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Fourth Avenue May Get 8 Miles of Protected Bike Lanes, City Says

 The proposed redesign of Fourth Avenue would add protected bike lanes.
The proposed redesign of Fourth Avenue would add protected bike lanes.
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PARK SLOPE — Two protected bike lanes could be installed along Fourth Avenue as part of a redesign of the bustling thoroughfare, the Department of Transportation announced Thursday.

The proposed cycling path would run between Dean Street and 65th Street on both the east side and west side of Fourth Avenue between Bay Ridge and Boerum Hill, DOT said. The lanes would run four miles each way, adding a total of eight new miles of protected bikeway to Brooklyn, DOT officials said.

The lanes would be similar to the once-controversial bike path on Prospect Park West, with a line of parked cars providing a buffer between bicyclists and moving traffic, DOT said.

"The chance to redesign one of New York City’s 'Great Streets' may only come about every fifty years, and so it’s critical we get it right," said DOT Commissioner Polly Trottenberg. "The dramatic surge in cycling, combined with safety changes that have dramatically improved Fourth Avenue's safety and livability, have simply transformed the way Brooklynites see this street."

The new bike lanes won't require the approval of community boards or the City Council, but the DOT wants to make sure locals are on board with the plan before embarking on the project, an agency spokesman said.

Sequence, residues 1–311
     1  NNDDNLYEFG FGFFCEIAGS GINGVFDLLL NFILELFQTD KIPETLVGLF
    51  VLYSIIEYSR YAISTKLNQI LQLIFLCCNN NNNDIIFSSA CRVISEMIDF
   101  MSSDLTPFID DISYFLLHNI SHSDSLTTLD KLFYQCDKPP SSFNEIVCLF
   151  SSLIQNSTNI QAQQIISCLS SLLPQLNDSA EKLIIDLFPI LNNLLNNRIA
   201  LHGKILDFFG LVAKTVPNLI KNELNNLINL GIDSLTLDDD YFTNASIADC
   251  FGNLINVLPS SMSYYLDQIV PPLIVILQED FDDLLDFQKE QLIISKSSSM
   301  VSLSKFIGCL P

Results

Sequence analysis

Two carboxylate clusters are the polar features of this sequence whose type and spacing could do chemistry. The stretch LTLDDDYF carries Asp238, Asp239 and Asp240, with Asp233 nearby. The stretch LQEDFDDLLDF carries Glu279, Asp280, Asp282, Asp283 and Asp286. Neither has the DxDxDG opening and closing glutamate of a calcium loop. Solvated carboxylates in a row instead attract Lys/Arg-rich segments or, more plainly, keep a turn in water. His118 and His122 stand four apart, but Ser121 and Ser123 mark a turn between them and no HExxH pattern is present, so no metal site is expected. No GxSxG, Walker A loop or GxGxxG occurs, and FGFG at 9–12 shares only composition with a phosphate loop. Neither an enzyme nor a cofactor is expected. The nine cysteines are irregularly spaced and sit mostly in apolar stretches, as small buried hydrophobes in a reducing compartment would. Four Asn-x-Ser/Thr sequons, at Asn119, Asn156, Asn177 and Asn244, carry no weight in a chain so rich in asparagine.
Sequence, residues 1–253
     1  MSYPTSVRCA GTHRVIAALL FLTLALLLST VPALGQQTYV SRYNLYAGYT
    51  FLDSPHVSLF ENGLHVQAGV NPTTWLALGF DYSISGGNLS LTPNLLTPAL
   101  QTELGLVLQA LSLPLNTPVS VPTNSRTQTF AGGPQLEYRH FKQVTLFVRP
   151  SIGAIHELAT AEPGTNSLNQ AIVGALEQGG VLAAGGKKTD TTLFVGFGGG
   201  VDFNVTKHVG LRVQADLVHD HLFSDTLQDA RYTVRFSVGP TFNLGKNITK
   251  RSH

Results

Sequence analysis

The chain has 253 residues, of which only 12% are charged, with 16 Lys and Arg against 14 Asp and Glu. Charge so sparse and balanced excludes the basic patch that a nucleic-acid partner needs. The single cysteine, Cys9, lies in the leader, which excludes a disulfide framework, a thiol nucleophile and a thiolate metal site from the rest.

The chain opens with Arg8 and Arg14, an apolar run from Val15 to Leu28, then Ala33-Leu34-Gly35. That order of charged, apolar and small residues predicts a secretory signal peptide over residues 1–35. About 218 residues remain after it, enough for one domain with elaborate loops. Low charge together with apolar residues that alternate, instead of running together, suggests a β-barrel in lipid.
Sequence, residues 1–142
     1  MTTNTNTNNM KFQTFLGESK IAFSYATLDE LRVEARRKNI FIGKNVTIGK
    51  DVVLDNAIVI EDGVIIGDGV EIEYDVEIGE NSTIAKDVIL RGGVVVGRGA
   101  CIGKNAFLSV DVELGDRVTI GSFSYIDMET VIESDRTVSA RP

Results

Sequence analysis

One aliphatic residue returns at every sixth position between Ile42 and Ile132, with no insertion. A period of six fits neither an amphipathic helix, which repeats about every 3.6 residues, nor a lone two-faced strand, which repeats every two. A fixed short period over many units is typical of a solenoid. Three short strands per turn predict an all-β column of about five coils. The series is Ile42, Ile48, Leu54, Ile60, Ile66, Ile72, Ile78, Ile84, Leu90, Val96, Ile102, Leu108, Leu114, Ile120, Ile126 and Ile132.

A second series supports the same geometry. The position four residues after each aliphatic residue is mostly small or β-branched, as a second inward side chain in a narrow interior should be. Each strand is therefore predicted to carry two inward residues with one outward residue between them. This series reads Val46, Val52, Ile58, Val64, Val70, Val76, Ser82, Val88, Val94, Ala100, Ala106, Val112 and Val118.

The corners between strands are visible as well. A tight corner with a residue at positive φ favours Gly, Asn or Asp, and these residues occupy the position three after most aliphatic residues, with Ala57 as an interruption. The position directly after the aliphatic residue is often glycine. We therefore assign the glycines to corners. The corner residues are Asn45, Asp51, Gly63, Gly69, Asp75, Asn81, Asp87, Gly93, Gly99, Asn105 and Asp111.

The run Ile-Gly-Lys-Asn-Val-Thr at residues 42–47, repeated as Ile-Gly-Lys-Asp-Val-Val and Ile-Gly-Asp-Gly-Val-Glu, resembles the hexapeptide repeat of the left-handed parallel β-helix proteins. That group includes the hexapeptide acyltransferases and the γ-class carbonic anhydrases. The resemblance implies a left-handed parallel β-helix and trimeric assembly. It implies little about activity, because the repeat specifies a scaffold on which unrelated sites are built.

Starting this month, DOT officials will collect feedback from elected officials, community boards and neighborhood residents at public workshops, Trottenberg said.

DOT has been making safety upgrades to Fourth Avenue since 2011, when a series of left turns were banned and some pedestrian crossings were shortened. The tweaks have helped cut serious crashes involving pedestrians on the northern end of Fourth Avenue by 68 percent, DOT said.

Construction was set to start this year on another round of upgrades, including widening medians. The new bike lanes would replace that project, though some elements of the original plan would still happen, such as adding greenery and public art to medians.

"We think this would be a great addition to the proposed green medians and public art," said S.J. Avery, co-chair of the Park Slope Civic Council’s Forth on Fourth committee. "We're very interested in anything that would promote the safety of Fourth Avenue for pedestrians, drivers and cyclists and we really look forward to hearing more about this from DOT."

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